His opponent Saidi was an unknown quantity going into the fight. Despite being undefeated in sixteen fights, his record of just seven stoppages indicated he was not a puncher. It was also a record absent of notable names. But there is an unreplaceable cache in being undefeated. In fighting Culcay, he was hoping to set himself up with a ticket to bigger paydays. A victory, however, could be a ticket to massive ones. In other words, everything he stood to lose was much, much less than what he could win.
The first round saw Saidi advance and Culcay stay on the back foot, looking for openings for counters. The action sped up and grew more intense in the second, although they moved as if afraid to plant their feet, and skittered and jumped around each other. Saidi, with the tighter defense, began to find holes for his right hand to go through and a left hook, though, thrown from within a clinch, briefly shook Culcay.
The third and fourth rounds saw caution begin to ebb. Culcay punched more, but whatever he fired out did not land. And while they were not landing, Saidi threw little in return. The fifth saw a rhythm begin to form, where one threw a punch or two that hit the guard, then stepped back to allow his opponent to return the favour. A few big punches, mostly from Saidi, still landed.
A case could have been made for each after the sixth round had finished. Saidi was doing more, even if Culcay was showing more skill. The seventh began with Culcay switching briefly to southpaw. Seconds later, another right hand from Saidi landed.
There was little change in round eight. Saidi threw more in volume and Culcay had the quality. Round nine was more of the same, with Culcay managing to do more with his fewer punches than Saidi did with his many. There was the sense that the fight was beginning to shift now in favour of Culcay.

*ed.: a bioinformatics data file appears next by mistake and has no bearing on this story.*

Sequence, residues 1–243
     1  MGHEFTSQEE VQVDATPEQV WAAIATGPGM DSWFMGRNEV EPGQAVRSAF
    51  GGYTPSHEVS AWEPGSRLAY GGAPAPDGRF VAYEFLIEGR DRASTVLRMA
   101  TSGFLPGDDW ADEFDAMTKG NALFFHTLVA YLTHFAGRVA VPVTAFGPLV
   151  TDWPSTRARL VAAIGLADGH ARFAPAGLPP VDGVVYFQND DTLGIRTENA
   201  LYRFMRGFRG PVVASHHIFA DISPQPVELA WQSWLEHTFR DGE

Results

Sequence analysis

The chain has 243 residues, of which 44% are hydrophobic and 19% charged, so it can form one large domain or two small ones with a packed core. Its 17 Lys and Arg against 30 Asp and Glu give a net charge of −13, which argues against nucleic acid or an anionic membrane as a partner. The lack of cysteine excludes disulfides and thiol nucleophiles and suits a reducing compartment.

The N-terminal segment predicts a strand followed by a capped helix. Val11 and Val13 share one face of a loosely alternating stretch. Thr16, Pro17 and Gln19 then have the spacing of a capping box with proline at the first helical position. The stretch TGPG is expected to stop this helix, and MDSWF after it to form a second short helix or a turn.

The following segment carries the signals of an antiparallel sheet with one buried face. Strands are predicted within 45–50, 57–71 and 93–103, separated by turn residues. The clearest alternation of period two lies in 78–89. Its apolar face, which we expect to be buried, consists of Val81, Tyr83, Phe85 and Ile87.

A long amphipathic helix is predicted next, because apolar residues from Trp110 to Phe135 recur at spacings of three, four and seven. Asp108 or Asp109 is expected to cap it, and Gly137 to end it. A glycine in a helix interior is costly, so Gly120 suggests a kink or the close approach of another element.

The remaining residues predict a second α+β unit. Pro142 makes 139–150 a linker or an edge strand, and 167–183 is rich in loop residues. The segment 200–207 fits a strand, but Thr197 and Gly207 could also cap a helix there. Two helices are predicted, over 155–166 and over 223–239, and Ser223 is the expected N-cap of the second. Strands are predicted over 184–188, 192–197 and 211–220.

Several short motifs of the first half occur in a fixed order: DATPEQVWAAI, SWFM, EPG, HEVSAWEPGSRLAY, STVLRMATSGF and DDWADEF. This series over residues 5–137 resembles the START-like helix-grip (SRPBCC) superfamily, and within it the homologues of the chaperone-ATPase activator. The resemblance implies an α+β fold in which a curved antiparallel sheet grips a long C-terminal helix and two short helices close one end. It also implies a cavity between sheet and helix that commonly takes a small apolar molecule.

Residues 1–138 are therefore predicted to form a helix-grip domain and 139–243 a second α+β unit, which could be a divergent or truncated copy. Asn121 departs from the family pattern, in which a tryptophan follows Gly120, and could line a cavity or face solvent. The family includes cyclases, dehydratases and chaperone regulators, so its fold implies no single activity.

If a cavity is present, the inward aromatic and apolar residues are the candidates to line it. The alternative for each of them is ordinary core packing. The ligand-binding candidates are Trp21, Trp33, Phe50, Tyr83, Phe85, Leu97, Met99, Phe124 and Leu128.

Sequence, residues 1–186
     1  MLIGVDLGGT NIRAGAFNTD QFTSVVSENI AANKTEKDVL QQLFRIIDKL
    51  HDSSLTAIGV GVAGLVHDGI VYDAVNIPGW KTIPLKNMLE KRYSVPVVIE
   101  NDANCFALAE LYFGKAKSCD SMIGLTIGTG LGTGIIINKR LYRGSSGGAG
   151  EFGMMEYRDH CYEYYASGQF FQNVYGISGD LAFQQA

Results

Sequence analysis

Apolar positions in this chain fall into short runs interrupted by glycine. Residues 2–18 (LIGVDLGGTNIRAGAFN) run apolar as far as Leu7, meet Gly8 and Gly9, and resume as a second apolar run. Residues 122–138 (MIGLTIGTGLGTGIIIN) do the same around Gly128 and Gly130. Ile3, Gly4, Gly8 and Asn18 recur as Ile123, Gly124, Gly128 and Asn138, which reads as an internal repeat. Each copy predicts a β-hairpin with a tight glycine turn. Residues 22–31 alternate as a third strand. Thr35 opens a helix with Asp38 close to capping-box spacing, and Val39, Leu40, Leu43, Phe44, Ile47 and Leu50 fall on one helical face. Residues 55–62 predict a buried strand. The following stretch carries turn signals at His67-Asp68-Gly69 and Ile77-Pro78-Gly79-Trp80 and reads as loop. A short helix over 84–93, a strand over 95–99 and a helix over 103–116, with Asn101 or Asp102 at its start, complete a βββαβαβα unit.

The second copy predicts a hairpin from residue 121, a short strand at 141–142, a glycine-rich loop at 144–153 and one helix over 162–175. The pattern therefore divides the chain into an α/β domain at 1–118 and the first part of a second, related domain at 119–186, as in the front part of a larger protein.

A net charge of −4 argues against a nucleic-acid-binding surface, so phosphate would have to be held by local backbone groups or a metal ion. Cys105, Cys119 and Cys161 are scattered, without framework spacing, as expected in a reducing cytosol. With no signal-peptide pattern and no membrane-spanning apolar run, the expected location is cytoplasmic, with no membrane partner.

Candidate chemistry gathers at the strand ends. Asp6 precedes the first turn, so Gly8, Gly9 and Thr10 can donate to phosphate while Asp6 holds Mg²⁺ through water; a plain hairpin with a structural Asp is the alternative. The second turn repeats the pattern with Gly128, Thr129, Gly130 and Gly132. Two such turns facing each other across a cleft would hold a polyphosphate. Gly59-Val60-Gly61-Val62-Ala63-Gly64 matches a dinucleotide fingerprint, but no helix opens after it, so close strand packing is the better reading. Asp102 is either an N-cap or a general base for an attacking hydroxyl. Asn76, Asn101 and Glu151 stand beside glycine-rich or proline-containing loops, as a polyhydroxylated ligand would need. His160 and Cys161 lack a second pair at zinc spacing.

From rounds ten to twelve, Culcay pulled ahead and stayed there. His quality shots continued to land on Saidi, and hurt him. And if Saidi realised at this point that he was falling behind, he still decided that retreating or moving laterally was the mark of a coward. He continued moving forward, even if that did not serve him.
A right in the twelfth from Culcay hurt and Saidi, lacking better ideas, pushed himself back into the fight. And although he was game, there was no dodging the big shots that were landing freely. It seemed for a few seconds as if the stoppage was imminent.
When the bell rang, both fighters raised their hands and stood on the ropes, motioning as if they had run. The noise from the crowd that travelled towards Saidi was full of derision and it was obvious that he had lost. A limited fighter, he had pushed and reached for something far beyond himself, and failed.
The fight was scored 118-110, 113-119, and 112-118 for Culcay, who picked up a spurious WBO belt. After the bout, it was reported that Culcay would be looking to fight again in March in an eliminator, before moving into a world title shot by the end of next year.
ON THE UNDERCARD